Friday, June 10, 2011
Earlier this year in Tucson, Arizona a shooting rampage targeting U.S. Rep. Gabrielle Giffords made international news – and prompted a coordinated effort to demonize Tea Party supporters (and free speech itself).
Without knowing the details of the case, Pima County Sheriff Clarence Dupnik immediately blamed the shooting on “the vitriol that comes out of certain mouths about tearing down the government.”
“The anger, the hatred, the bigotry that goes on in this country is getting to be outrageous,” Dupnik said, calling Arizona “a mecca for prejudice and bigotry.”
Obviously, the world quickly learned that Dupnik was flat out wrong in his assessment of the situation. The violence in Tucson was the product of a deranged madman – not a discernible ideology. But that didn’t stop Democratic leaders like U.S. Rep. Jim Clyburn from saying that government should “rethink the parameters of free speech” in the wake of the shooting.
Five months after the Giffords’ tragedy, another fatal shooting took place in Tucson – only this one didn’t make international headlines. It has also failed to produce so much as a peep of disapproval from those who were so outraged earlier this year.
On May 5, 2011 – deputies and “operators” of the Pima County Sheriff’s Office raided the home of 26-year-old Jose Guerena, a U.S. Marine who served two tours in Iraq in 2003 and 2005. Having just fallen asleep after working the night shift at a local mine, Guerena was roused by his wife, Vanessa – who saw a man with a gun outside of the couple’s bedroom window. Thinking his home was being invaded, Guerena grabbed his rifle.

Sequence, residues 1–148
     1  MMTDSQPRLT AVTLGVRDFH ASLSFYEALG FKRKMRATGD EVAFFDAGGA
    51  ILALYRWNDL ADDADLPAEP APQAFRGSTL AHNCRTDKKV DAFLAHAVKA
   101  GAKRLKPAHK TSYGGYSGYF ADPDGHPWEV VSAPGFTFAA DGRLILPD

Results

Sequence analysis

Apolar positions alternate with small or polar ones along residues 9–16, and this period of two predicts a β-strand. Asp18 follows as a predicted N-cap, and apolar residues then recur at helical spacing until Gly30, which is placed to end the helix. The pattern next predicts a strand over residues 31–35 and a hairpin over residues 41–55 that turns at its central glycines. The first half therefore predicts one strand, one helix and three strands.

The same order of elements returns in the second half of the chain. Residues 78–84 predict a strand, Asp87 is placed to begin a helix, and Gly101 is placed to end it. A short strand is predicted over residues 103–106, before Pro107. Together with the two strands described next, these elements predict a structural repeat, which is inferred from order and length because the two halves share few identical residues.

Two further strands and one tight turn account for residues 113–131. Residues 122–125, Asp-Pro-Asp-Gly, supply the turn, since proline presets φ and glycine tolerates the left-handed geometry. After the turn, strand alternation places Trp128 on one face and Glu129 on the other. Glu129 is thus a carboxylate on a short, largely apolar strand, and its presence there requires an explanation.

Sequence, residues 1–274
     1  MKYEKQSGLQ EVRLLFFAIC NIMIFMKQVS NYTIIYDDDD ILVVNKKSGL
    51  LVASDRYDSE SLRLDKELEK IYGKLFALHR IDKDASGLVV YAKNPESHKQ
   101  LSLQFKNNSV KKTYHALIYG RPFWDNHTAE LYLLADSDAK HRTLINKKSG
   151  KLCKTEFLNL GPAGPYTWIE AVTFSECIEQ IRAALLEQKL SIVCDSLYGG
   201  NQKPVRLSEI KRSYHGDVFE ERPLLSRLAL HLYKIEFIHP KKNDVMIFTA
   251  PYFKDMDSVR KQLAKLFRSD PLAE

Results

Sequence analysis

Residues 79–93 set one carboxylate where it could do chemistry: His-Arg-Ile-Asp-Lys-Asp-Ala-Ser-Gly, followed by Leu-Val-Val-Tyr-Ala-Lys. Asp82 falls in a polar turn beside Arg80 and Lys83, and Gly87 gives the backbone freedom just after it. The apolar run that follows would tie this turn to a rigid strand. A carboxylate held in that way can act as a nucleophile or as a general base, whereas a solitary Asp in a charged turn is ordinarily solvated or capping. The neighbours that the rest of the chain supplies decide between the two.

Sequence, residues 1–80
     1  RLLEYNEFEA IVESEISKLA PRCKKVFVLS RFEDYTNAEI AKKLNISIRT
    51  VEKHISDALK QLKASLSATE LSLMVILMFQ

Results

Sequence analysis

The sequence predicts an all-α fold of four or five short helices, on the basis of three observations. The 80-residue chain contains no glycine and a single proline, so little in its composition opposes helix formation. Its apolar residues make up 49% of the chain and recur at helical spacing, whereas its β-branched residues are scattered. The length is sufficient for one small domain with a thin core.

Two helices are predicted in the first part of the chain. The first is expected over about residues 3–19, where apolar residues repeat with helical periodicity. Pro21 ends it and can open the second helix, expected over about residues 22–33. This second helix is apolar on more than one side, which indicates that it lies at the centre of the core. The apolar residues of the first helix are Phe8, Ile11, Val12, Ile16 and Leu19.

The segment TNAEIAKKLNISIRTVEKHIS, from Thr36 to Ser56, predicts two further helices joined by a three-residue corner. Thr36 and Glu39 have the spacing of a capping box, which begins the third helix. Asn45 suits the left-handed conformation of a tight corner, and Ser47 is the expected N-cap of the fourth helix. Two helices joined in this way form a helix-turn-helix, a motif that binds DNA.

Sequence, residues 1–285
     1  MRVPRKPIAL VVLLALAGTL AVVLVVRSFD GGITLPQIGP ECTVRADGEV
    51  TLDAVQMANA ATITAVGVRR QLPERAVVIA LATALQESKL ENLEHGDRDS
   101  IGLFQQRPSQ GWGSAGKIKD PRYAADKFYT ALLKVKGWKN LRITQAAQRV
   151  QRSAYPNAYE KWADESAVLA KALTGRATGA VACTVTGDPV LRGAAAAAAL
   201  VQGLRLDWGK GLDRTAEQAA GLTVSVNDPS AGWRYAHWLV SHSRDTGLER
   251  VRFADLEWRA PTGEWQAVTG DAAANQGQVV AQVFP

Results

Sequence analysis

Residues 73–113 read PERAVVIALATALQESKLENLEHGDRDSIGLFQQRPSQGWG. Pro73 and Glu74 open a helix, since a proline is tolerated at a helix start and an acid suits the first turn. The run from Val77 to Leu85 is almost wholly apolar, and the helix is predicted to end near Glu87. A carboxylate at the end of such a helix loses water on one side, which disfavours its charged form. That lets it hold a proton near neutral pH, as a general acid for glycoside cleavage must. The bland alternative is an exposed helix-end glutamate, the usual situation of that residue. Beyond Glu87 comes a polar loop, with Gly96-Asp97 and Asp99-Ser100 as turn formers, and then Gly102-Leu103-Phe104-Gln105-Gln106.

What happened next?
SWAT “operators” – executing a narcotics warrant – broke into Guerena’s home and fired 72 rounds within a matter of seconds, hitting him 22 times. Guerena’s five-year-old son, Joel, watched his father die. Initially, Pima County Sheriff’s investigators said that Guerena had fired his weapon at police officers. That report turned out to be patently false. In fact, Guerena never removed the safety from his rifle.
Also Guerena’s wife is adamant that the officers did not identify themselves as law enforcement agents until after the raid was completed. No drugs were found in the home – and it was later revealed that Guerena’s brother was the real target of the investigation.